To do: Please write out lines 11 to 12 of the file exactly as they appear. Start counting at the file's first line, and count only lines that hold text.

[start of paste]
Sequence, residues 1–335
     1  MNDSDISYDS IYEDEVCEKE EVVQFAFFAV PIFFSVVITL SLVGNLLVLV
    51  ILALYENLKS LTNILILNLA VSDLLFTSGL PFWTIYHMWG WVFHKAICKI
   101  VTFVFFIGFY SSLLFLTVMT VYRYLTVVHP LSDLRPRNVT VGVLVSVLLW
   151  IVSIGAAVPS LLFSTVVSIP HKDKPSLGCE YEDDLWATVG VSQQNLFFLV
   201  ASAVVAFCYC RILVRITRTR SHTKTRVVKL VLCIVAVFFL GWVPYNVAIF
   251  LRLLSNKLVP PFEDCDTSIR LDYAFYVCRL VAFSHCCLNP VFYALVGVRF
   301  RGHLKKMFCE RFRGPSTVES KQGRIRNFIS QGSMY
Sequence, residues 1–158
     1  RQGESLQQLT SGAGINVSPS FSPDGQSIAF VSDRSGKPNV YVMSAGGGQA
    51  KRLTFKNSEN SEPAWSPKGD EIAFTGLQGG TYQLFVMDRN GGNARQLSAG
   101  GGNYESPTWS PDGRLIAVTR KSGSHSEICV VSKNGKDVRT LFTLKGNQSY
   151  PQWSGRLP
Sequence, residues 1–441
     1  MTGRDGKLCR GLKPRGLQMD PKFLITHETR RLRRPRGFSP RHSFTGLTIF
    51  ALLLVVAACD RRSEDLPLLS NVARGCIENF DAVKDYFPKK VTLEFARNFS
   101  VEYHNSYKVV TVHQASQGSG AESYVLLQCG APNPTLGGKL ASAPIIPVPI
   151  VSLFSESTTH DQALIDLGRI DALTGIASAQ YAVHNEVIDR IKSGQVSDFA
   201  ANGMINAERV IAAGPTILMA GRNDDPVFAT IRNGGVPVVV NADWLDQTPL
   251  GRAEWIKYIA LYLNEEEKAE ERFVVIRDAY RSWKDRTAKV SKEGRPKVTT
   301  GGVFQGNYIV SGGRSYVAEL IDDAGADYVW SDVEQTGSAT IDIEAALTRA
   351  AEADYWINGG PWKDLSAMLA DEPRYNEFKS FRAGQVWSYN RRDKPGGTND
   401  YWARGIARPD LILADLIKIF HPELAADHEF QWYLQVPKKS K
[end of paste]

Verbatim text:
    51  KRLTFKNSEN SEPAWSPKGD EIAFTGLQGG TYQLFVMDRN GGNARQLSAG
   101  GGNYESPTWS PDGRLIAVTR KSGSHSEICV VSKNGKDVRT LFTLKGNQSY